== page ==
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Facial myokymia as the presenting feature of multiple sclerosis
  1. Anna-Marie C Parr1,
  2. James Bashford2,
  3. Eli Silber3
  1. 1 Department of Neurology, St George's University Hospitals NHS Foundation Trust, London, UK
  2. 2 Maurice Wohl Clinical Neuroscience Institute, King's College London, London, UK
  3. 3 Department of Neurology, King's College Hospital, London, UK
  1. Correspondence to Dr Anna-Marie C Parr, Department of Neurology, St George's University Hospitals NHS Foundation Trust, London, UK; anna-marie.parr{at}nhs.net

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Clinical summary

A 23-year-old right-handed Caucasian woman presented with a 2-week history of continuous facial myokymia. This had begun in the left periorbital region, spreading to involve the entire left face, accompanied by left hemifacial spasms. It increased in intensity and subsequently spread to the right periorbital and perioral region, continuing during both when awake and asleep. She was otherwise well, taking no medications and with no significant family or travel history.

On examination, there were continuous high-frequency, low-amplitude facial twitching, consistent with continuous facial myokymia (see online supplemental video), which was more marked and appeared to be of higher frequency on the left side of the face than on the right. She had left hemifacial spasm, characterised by upward distortion of the left side of her mouth (activation of zygomaticus major) and a left pseudoptosis (activation of orbicularis oculi) (figure 1). Examination of the cranial nerves, limbs and …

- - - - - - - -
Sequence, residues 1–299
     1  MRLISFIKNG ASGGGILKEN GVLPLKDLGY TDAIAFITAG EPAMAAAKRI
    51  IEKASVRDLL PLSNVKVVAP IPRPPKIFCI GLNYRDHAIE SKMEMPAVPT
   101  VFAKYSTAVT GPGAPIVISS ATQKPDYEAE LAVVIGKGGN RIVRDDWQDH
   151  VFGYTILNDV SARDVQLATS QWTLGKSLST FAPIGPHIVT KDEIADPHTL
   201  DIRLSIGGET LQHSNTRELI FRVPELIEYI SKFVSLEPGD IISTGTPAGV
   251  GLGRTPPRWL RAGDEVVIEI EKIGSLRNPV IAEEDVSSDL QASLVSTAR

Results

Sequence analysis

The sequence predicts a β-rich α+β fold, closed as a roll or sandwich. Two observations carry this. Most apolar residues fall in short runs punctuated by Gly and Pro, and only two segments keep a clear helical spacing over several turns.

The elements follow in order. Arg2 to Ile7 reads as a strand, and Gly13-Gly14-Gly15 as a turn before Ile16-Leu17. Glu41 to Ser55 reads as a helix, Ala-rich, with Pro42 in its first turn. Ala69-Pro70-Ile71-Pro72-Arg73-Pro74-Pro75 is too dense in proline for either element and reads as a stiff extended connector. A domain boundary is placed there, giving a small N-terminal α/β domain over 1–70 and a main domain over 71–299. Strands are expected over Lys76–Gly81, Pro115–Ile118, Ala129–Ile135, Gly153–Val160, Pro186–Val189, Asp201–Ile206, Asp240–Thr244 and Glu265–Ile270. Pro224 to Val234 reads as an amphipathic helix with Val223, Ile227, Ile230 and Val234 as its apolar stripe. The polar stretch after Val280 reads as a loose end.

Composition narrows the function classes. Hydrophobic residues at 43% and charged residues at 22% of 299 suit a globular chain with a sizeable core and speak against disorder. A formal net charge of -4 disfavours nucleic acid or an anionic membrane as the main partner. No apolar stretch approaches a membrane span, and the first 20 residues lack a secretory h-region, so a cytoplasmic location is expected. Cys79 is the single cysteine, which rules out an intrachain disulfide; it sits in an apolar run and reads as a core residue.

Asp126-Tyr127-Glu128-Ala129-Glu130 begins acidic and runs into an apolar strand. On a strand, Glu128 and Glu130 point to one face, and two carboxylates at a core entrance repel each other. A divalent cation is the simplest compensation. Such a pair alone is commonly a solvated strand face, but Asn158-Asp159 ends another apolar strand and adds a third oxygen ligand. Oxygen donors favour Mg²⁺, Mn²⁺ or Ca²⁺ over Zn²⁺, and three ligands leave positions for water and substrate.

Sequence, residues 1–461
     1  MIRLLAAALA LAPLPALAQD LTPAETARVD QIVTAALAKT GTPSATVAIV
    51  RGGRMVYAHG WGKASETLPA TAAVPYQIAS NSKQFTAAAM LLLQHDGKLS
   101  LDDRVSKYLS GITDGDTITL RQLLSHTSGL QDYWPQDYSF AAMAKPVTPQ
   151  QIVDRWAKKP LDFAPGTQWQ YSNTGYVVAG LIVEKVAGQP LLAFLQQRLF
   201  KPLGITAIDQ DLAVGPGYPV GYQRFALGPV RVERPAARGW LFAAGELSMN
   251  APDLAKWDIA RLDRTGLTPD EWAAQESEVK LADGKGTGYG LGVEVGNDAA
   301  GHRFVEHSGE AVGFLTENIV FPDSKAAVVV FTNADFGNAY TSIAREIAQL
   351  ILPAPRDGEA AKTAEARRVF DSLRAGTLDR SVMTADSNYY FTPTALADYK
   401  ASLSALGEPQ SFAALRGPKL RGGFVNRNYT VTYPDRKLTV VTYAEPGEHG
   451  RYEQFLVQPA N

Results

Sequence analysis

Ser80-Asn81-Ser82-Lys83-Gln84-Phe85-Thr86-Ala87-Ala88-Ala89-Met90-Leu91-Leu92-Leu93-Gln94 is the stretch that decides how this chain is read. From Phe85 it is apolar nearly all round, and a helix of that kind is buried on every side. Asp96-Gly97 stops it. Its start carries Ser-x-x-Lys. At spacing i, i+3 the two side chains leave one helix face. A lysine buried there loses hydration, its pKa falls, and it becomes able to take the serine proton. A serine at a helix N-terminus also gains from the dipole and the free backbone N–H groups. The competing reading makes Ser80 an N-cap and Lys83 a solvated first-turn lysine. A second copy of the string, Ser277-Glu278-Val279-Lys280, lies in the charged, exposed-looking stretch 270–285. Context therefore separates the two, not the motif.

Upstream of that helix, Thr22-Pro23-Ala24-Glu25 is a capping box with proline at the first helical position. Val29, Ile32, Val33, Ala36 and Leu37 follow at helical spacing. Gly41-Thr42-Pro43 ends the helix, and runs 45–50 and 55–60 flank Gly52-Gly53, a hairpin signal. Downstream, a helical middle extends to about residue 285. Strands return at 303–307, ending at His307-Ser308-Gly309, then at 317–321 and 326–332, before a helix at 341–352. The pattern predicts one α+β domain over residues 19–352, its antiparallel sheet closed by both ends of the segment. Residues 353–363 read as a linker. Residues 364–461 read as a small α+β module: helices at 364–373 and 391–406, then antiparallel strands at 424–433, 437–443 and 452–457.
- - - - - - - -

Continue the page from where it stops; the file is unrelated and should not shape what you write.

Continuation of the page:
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Footnotes

  • Contributors A-MCP authored the manuscript, prepared the images and liaised with the patient to obtain consent. JB took the patient video, assisted with the patient's clinical care and revised the manuscript. ES revised the manuscript and was the consultant responsible for the patient's clinical care.

  • Funding The authors have not declared a specific grant for this research from any funding agency in the public, commercial or not-for-profit sectors.

  • Competing interests None declared.

  • Provenance and peer review Not commissioned. Externally peer reviewed by Helen Ford, Leeds, UK.

  • Supplemental material This content has been supplied by the author(s). It has not been vetted by BMJ Publishing Group Limited (BMJ) and may not have been peer-reviewed. Any opinions or recommendations discussed are solely those of the author(s) and are not endorsed by BMJ. BMJ disclaims all liability and responsibility arising from any reliance placed on the content. Where the content includes any translated material, BMJ does not warrant the accuracy and reliability of the translations (including but not limited to local regulations, clinical guidelines, terminology, drug names and drug dosages), and is not responsible for any error and/or omissions arising from translation and adaptation or otherwise.

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